# Calculate magnitude of force acting on some area by falling object

I have simple question: is it possible to calculate magnitude of force acting on some area by falling object?

Let's say I have an object with mass $5\text{ kg}$. I drop that object in height 1 meter. It potential energy was

\begin{align} E_p &= hmg \\ E_p &= 5(9.81) \\ E_p &= 49.05 \text{ J} \end{align}

Near the ground, kinetic energy of object is

$$E_k = E_p$$

So the velocity is

\begin{align} E_k &= \sqrt{2\frac{E_p}{5}} \\ E_k &= \sqrt {19.62} = 4.429 \frac{\mathrm{m}}{\mathrm{s}} \end{align}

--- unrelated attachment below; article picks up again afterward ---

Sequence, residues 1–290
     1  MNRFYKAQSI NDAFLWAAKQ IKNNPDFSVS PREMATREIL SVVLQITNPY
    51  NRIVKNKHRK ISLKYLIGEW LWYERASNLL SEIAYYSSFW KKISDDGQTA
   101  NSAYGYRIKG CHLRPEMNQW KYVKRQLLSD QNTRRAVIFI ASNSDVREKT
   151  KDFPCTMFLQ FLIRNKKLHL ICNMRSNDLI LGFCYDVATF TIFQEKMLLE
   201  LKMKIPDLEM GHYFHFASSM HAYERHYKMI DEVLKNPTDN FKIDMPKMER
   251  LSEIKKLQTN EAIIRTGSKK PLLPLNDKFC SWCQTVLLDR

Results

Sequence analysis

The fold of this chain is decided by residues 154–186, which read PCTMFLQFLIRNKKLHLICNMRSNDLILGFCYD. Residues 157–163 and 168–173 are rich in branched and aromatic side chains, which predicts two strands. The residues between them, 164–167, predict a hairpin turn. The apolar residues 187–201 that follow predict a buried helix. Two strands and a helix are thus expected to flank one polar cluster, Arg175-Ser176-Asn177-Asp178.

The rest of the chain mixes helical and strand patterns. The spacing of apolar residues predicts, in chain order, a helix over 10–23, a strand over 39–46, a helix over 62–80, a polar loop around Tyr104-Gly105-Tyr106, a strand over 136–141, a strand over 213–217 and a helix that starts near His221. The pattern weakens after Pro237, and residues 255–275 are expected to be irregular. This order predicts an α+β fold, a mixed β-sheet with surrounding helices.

Is there any way how to calculate force of object against ground when it falls on it? If not, what something (against ground) can be calculated for this problem?

EDIT: Let's say that ground is from glass, thickness $10\text{ cm}$. What properties would be affected?

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There is no way at all in using physics 101 type skills unless I tell you something like "the ground acts as if it were a spring with constant $10^4\text{N/m}$". In a typical serious application this would be either computed (say FEA) or measured with a pressure transducer, or very often both. –  dmckee Jun 10 '13 at 15:23